Getting Out the Vote

Lilian with cardboard cutouts of Clinton and Biden
Lilian with cardboard cutouts of Clinton and Biden

Lilian with cardboard cutouts of Hillary Clinton and Joe Biden at the Democratic Party headquarters in Milwaukee

In the 2012 presidential election, an estimated 57.5 percent of eligible voters in the United States cast ballots. More than 40 percent of voters stayed home.

This year, polls in swing states show a tight race between Democrat Hillary Clinton and Republican Donald Trump. The election may be determined by a few hundred votes in one of those states. As a result, volunteer efforts to “get out the vote” (GOTV) are going strong in many areas.

“We’ve found that it’s very important to establish a campaign across the state that reminds people to vote,” said Michael Duffey, Executive Director of Wisconsin’s Republican Party.

Wisconsin, which has 10 electoral votes, is among several “swing states.” That means it is difficult to predict whether it will vote Republican or Democratic. (A candidate must earn 270 electoral votes to win the presidency.)

Across the state, members of both parties are doing everything they can to get voters to the polls on Election Day. “We take our enthusiasm, and transport that into action,” said Jim, a Democratic canvasser in Milwaukee. Some volunteers leave information packets on doorsteps. Others make phone calls.

The most effective way to GOTV is through canvassing, which involves knocking on doors to speak with voters face-to-face.

“We connect with about 8 percent of people on the phones, but about 20 percent with canvassing,” Duffey said. Canvassing works best when it is done in the days just before the election because it can help people make a clear plan to vote.

The more specific information that volunteers have the better. Before knocking on a door, it helps to know what issues matter the most to a voter and how he or she may have voted in the past. As Duffey explained, Republican volunteers are often equipped with an iPad or an iPhone that’s loaded with an app that “tells them which doors to knock on,” Duffey explained. “We want to focus [our efforts] on the people who are undecided.”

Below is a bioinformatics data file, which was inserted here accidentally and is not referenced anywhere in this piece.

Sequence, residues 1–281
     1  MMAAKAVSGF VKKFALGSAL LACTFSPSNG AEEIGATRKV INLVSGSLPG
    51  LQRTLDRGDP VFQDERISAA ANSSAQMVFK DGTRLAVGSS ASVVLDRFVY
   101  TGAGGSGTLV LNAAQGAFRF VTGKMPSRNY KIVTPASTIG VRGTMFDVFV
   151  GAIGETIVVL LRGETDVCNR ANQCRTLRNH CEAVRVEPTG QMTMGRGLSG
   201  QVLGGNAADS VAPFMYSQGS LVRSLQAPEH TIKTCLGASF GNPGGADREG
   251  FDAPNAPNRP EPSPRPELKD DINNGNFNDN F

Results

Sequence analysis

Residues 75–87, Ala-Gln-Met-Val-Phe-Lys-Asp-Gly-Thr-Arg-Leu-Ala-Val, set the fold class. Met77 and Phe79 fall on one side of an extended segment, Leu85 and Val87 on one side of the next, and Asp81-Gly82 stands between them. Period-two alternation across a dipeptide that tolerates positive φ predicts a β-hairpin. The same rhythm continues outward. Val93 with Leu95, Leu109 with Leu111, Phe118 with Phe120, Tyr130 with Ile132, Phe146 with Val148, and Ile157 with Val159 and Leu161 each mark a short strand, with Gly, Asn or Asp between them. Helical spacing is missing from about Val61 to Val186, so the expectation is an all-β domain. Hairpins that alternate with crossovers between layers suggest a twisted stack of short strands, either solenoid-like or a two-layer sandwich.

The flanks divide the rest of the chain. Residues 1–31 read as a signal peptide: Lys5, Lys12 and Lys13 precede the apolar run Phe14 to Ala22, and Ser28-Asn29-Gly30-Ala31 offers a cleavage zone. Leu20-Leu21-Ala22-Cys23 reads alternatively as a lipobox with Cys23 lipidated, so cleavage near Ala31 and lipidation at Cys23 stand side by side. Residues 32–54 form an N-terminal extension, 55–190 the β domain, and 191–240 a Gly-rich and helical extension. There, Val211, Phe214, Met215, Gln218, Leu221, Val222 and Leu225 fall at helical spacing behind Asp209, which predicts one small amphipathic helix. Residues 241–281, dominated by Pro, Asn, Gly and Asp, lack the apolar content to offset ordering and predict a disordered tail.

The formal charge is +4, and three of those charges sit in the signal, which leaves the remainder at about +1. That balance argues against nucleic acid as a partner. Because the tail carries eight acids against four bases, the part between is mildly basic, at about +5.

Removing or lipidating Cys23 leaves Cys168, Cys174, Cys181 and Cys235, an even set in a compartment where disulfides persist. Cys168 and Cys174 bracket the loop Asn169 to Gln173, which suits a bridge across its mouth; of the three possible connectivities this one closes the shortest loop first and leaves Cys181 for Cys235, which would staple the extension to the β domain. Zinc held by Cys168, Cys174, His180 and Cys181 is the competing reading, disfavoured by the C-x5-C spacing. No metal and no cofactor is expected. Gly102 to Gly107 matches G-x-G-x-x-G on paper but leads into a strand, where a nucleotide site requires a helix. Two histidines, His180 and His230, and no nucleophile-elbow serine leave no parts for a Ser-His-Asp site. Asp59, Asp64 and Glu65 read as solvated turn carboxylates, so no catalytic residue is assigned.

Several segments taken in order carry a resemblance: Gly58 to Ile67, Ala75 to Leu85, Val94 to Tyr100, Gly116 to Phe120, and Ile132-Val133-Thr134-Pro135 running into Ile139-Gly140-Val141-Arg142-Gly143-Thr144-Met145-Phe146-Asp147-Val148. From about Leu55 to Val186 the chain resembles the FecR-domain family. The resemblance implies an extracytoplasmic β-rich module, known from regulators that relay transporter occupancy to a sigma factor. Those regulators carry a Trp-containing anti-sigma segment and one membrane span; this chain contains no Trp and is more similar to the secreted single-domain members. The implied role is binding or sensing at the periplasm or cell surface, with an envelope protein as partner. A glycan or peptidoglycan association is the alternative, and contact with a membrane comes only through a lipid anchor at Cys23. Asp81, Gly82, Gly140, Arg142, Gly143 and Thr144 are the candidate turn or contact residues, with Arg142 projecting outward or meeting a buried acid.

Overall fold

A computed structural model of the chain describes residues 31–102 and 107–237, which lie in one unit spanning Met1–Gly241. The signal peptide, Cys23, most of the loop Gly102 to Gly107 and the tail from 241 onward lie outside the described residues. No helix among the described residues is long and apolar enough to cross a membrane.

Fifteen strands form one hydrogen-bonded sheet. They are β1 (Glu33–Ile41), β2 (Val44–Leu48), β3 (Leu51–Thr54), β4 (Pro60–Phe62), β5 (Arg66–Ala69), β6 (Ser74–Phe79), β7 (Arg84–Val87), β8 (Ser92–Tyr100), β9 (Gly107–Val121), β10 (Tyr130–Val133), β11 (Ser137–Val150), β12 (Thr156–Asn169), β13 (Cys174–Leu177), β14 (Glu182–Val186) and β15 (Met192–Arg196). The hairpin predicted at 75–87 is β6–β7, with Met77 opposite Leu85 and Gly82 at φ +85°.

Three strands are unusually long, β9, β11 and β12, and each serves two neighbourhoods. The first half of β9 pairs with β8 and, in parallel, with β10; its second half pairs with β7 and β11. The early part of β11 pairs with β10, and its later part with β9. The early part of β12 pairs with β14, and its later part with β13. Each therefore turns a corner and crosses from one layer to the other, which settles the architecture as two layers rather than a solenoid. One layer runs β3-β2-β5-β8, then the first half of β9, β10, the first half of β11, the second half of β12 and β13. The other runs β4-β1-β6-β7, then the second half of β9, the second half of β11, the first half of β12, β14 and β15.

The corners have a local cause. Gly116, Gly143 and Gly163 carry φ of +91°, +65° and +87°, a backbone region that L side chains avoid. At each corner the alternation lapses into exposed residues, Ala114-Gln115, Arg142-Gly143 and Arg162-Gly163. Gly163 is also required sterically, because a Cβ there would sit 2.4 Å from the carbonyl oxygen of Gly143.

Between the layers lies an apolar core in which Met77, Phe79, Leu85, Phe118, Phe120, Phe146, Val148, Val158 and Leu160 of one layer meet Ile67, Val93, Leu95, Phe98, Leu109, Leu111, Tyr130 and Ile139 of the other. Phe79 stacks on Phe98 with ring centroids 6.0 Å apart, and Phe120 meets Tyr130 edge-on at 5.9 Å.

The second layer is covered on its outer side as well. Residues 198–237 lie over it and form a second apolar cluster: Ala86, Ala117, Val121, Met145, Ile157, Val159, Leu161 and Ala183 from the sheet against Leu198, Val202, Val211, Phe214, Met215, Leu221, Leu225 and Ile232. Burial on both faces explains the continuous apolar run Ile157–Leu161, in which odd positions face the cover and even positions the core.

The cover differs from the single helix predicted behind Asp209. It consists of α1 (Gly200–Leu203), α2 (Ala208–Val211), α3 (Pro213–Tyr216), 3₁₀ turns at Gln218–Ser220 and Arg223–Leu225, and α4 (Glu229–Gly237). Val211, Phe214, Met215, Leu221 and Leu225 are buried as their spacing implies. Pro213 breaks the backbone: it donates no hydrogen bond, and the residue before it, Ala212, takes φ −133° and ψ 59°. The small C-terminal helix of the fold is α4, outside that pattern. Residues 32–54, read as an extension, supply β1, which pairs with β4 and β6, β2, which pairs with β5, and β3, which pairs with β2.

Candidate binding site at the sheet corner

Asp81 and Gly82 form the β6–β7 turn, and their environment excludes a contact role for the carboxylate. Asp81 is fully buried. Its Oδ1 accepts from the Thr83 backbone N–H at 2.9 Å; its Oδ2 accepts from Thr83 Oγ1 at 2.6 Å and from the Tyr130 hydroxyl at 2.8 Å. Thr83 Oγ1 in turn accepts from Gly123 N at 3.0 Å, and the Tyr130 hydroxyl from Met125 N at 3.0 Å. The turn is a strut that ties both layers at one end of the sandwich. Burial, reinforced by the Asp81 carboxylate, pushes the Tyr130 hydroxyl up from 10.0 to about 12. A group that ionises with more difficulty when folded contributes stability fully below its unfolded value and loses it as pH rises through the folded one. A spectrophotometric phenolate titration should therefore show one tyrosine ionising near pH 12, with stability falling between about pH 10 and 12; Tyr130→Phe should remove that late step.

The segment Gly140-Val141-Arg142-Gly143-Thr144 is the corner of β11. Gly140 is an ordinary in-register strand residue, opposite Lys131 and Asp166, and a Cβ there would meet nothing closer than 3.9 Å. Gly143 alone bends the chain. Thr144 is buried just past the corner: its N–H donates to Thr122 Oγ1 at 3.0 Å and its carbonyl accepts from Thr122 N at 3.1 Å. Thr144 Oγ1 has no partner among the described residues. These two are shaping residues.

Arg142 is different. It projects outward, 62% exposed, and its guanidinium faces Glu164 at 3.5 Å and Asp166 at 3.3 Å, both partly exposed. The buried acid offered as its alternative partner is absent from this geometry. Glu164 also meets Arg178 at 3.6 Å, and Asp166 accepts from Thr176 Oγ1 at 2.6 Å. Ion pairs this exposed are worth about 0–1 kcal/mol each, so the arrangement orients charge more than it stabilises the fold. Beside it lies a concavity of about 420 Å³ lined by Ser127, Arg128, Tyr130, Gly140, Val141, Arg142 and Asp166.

I got a chance to watch Democratic canvassers in Milwaukee being trained and sent out. The volunteers received a packet and clipboard containing addresses, a map, and a script to share with voters who had previously voted Democratic.

The script enables volunteers to discuss the importance of voting and ways to help voters make a plan for Election Day. For example, does the voter know where his or her polling place is? Does the voters have a valid I.D.? A law in Wisconsin requires voters to present an I.D. before casting a ballot.

A cool wall in the Democratic Headquarters

Campaign signs at the Democratic Party headquarters in Milwaukee

GOTV campaigns sometimes try to register voters who would be likely to vote for their candidate. Sometimes, free transportation and child-care services are provided, making it easier for voters to get to the polls.

This election year is somewhat unusual because polls show that most voters do not like either presidential candidate. “This year is more important [for GOTV efforts] because we need to reach out to the people we can traditionally count on to vote for the Republican candidate and reinforce the importance of voting Republican,” Duffey said.

Will a GOTV volunteer come to your door? Keep your eyes out. Election Day is November 8. 


Photos courtesy of the author